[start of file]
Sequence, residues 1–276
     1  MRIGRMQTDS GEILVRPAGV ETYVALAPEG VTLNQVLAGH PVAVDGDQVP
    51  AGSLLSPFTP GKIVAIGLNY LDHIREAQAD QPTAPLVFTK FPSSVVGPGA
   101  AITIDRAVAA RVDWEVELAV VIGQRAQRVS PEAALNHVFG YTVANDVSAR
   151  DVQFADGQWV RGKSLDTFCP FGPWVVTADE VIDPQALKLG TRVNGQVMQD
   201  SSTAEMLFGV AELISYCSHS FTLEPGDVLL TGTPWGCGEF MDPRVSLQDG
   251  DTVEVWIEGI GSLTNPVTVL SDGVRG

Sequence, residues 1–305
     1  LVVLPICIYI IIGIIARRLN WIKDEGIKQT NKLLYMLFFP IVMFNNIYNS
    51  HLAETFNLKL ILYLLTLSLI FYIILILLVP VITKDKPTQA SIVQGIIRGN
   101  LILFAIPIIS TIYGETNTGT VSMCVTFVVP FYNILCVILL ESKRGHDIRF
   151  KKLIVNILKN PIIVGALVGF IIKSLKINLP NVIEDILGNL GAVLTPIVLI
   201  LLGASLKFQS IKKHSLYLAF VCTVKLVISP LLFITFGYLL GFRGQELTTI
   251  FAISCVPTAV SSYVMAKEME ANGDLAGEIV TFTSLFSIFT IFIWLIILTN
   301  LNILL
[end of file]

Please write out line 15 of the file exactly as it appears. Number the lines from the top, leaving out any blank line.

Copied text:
   301  LNILL